Sunday, September 21, 2014
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UPDATE: A.C. Boardwalk first in NatGeo's list in, well, alphabetical order only. National Geographic shows some Jersey Shore love

National Geographic Traveler names Atlantic City and Wildwood among its top ten Boardwalks. Jersey Shore strikes out in other categories, however.

UPDATE: A.C. Boardwalk first in NatGeo's list in, well, alphabetical order only. National Geographic shows some Jersey Shore love

The Atlantic City Boardwalk was busy yesterday. "Success or the failure of a summer season is weather-driven," a Shore official said.
The Atlantic City Boardwalk was busy yesterday. "Success or the failure of a summer season is weather-driven," a Shore official said.

UPDATE: See? This is why I hate these lists. National Geographic Traveler, and the Associated Press, which ran a story that caught an editor's eye, which prompted an e-mail, which led to this blog post this morning, now say that the list of top ten Boardwalks that has Atlantic City first and Wildwood tenth is not a ranking, but a top ten listed in alphabetical order. So in theory, Wildwood could be the best, I guess. They are still, along with Rehoboth, on the list of top ten Boardwalks, just not to be considered in order. So much for Atlantic CIty's brief reign of glory, though I guess top ten is still nice. I took the information right from the National Geographic website, which really does make it seem like a ranking, though they are, indeed, concurrently in alphabetical order. In any case, the original post follows:

I've never been one for lists like this, but National Geographic's a heavy hitter, and so we shall take note of the recent local scores on National Geographic Traveler's top ten Boardwalk list, which gives Atlantic City the top spot (UPDATE, in alphabetical order only, ha!) and Wildwood the final spot (again, alphabetically). (Rehoboth, newly made over in a yellow pine herringbone pattern that replaced the concrete) clocks in at number 6). The top spot seems to be more of a lifetime achievement for Atlantic City (see, I was skeptical), as NGT cites its long history (built in 1870) and calls it the "grandfather of boardwalks" that now "anchors this resort town, winding past flashy casinos, glitzy hotel towers, cavernous arcade halls, and a neon-lit amusement pier." 

                                                              (Photo by Philip Greenspun, Philip.Greenspun.com)

Personally, I think the Atlantic City Boardwalk (as the grandfather of boardwalks, it gets to capitalize the B) is in fine shape, pay no attention to that post-fireworks fifth of July little shootout). The Tourism District is adding some pretty planters, and who can argue with a Boardwalk that just added Harry's Oyster Bar, the latest incarnation from the fine Dougherty Family of Doc's Oyster House and Knife and Fork fame, which, according to Inquirer critic Craig Laban, offers one the sublime experience of lobster rolls, craft beer and oysters just off the Boards. Not to mention funnel cake. Last time I interviewed a food kiosk owner near the Trump Taj Mahal, he turned out to be a half Jewish, half Vietnamese nuclear engineering student. I kid you not. See, no wonder it got the top spot (though perhaps its iconic stature was enhanced this year by HBO.)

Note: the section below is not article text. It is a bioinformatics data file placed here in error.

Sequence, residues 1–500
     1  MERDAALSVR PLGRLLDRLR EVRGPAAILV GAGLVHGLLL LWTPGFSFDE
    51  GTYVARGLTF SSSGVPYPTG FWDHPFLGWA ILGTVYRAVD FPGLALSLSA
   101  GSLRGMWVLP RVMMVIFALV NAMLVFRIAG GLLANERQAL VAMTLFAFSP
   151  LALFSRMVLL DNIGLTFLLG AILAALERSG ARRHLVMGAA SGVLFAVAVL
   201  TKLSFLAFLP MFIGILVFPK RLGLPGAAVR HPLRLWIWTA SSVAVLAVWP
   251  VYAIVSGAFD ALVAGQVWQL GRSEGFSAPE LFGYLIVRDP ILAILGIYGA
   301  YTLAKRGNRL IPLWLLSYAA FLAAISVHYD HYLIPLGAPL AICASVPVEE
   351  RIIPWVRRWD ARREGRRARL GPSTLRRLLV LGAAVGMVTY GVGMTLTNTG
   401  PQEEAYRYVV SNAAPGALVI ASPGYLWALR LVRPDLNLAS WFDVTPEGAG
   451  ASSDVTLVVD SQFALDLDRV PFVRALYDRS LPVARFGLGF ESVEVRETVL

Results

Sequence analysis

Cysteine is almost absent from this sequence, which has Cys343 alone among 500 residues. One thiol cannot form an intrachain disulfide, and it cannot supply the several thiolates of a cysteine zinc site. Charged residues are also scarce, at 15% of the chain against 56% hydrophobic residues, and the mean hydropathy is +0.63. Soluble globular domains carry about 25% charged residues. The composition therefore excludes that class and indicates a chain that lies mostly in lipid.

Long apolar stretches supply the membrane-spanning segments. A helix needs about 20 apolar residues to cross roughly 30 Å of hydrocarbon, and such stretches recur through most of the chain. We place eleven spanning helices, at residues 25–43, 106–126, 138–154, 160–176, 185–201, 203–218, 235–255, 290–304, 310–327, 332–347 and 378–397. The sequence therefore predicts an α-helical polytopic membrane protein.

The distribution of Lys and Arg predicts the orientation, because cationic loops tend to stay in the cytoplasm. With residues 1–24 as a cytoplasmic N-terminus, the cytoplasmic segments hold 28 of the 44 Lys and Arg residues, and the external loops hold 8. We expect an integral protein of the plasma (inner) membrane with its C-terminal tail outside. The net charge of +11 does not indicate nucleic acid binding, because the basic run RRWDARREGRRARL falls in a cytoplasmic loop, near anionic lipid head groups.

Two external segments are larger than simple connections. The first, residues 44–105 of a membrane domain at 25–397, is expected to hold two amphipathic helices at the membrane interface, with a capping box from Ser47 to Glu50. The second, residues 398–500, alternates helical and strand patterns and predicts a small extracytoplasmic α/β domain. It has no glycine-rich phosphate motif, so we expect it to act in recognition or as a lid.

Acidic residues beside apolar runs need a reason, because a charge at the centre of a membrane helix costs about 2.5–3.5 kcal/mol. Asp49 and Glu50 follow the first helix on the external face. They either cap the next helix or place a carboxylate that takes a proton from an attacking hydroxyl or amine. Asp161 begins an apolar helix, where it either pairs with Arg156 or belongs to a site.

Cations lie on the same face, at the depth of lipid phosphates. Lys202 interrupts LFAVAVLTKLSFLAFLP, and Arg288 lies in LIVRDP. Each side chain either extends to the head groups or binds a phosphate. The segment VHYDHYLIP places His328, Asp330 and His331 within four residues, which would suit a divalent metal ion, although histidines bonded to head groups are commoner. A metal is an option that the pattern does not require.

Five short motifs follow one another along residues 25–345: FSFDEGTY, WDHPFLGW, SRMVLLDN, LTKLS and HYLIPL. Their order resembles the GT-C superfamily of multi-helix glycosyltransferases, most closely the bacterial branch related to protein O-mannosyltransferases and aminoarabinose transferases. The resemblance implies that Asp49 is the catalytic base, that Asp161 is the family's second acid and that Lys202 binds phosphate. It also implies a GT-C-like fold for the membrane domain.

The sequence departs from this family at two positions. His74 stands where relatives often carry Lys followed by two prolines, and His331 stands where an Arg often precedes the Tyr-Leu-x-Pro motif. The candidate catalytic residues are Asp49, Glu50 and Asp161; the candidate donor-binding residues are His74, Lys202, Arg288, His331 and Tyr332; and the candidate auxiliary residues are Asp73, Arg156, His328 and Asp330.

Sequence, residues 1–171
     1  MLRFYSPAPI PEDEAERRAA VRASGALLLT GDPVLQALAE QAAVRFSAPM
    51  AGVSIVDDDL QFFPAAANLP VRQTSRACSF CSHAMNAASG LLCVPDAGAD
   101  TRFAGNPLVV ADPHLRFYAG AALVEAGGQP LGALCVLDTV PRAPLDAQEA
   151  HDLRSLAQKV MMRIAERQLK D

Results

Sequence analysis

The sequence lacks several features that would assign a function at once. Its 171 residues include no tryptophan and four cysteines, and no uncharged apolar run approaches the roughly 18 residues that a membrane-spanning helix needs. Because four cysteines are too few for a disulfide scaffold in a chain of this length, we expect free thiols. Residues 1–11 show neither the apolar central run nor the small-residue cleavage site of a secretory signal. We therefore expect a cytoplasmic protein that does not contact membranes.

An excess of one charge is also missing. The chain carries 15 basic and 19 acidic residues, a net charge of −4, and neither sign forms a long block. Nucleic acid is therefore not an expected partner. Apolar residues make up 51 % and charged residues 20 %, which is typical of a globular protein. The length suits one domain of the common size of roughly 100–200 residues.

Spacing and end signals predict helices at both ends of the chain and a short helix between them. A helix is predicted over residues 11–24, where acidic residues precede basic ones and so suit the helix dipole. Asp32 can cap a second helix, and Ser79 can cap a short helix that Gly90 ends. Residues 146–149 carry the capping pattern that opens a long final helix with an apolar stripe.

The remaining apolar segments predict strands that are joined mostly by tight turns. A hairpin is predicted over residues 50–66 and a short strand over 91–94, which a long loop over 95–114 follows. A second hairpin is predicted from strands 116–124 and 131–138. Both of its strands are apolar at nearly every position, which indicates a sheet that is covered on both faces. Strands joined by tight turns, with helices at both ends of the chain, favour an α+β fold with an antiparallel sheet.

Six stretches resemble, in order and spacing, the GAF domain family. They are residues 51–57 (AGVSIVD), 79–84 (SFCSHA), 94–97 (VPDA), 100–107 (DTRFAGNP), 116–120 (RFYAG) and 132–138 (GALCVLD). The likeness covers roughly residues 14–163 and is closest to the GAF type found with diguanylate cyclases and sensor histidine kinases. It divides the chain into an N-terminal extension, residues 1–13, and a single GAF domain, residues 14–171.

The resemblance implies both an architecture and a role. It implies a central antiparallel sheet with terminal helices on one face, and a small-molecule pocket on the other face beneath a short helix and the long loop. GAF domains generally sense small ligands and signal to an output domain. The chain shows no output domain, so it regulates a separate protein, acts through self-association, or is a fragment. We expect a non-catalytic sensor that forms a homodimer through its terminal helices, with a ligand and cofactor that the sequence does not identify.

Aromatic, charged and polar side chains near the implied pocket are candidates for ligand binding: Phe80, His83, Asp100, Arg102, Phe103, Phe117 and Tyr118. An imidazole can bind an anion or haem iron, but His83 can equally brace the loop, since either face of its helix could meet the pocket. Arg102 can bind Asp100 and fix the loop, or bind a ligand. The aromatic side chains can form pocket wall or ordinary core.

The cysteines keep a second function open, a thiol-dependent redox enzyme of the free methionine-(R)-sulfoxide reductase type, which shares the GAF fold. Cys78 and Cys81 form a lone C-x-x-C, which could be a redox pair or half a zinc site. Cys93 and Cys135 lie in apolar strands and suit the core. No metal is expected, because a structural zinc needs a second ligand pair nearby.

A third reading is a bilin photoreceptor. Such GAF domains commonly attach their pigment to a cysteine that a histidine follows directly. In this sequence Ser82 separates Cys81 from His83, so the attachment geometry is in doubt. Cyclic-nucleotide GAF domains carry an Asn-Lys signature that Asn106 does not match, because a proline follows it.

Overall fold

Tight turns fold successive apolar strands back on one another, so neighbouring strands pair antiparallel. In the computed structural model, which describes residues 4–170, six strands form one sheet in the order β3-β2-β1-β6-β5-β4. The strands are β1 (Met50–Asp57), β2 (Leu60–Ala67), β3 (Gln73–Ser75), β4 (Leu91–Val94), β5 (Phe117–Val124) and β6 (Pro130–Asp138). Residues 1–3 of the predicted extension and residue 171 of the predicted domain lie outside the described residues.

Wildwood was praised for, naturally, its kitschiness, neon and for having "more amusement rides than Disneyworld." The Moreys will appreciate that, I'm sure. I'm a big fan of Wildwood's boardwalk, I think it packs an energy and colorized feel and busyness that are very satisfying. (Watch the tram car, please). I have gotten my aura read and seen visiting giraffes. And I will never forget that one year when my daughter, then five, took a seat at the squirt gun booth at the pier arcades and, dead eye and focused little girl that she was and is, sitting between two big lugs, sprayed her heart out to victory. That's right, there's glory to be found in them there boardwalks.

For the record, although Lucy the Elephant took her place among its ten notable Roadside Attractions, there was no Jersey shore love to be found in the other lists (Top Ten Beaches (including Nanttucket and St. Bart's), Top Ten Beach Cities (Barcelona to Miami Beach), and not Top Ten U.S. Family Beaches (Cape Cod, blah blah blah.) Oh well, what do they know.

About this blog

Inquirer staff writer Amy S. Rosenberg has covered Philly police, city neighborhoods, Ed Rendell as mayor, the Jersey shore, Atlantic City, Miss America and the psychology of Eagles fans. She moved to Ventnor on July 3, 1995, which makes her a local, but not really.

Inquirer Staff Writer Jacqueline L. Urgo has spent every summer of her life at the Jersey Shore, and has lived there year-round for nearly 30 years, even fulfilling one of her bucket list dreams by once living in a house by the sea.

Since 1990, she has covered the waterfront for The Inquirer — from the Atlantic to the Delaware Bay shore — and some of the mainland in between. Along the way, she amassed an encyclopedic knowledge of this tear-it-down-and-build-it-back-up region, delving into the history and the hype of a place with a lot of unexpected stories to tell.

Reach The Downashore at arosenberg@phillynews.com.

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